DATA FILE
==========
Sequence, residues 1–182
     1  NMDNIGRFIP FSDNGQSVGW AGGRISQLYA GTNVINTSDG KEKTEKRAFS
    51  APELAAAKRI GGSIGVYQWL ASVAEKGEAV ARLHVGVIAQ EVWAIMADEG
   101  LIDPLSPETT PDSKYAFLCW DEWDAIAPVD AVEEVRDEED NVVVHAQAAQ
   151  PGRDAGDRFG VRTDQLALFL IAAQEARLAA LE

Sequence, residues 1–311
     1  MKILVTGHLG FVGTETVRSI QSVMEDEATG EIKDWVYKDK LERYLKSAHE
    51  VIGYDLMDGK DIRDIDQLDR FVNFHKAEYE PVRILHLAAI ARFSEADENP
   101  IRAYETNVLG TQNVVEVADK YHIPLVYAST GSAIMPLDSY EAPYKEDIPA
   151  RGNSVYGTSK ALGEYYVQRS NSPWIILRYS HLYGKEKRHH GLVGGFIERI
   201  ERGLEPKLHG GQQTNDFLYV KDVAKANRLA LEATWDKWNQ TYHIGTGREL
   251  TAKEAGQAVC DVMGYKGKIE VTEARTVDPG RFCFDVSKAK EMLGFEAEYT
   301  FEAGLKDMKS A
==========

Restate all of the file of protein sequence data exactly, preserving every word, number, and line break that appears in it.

Sequence, residues 1–182
     1  NMDNIGRFIP FSDNGQSVGW AGGRISQLYA GTNVINTSDG KEKTEKRAFS
    51  APELAAAKRI GGSIGVYQWL ASVAEKGEAV ARLHVGVIAQ EVWAIMADEG
   101  LIDPLSPETT PDSKYAFLCW DEWDAIAPVD AVEEVRDEED NVVVHAQAAQ
   151  PGRDAGDRFG VRTDQLALFL IAAQEARLAA LE

Sequence, residues 1–311
     1  MKILVTGHLG FVGTETVRSI QSVMEDEATG EIKDWVYKDK LERYLKSAHE
    51  VIGYDLMDGK DIRDIDQLDR FVNFHKAEYE PVRILHLAAI ARFSEADENP
   101  IRAYETNVLG TQNVVEVADK YHIPLVYAST GSAIMPLDSY EAPYKEDIPA
   151  RGNSVYGTSK ALGEYYVQRS NSPWIILRYS HLYGKEKRHH GLVGGFIERI
   201  ERGLEPKLHG GQQTNDFLYV KDVAKANRLA LEATWDKWNQ TYHIGTGREL
   251  TAKEAGQAVC DVMGYKGKIE VTEARTVDPG RFCFDVSKAK EMLGFEAEYT
   301  FEAGLKDMKS A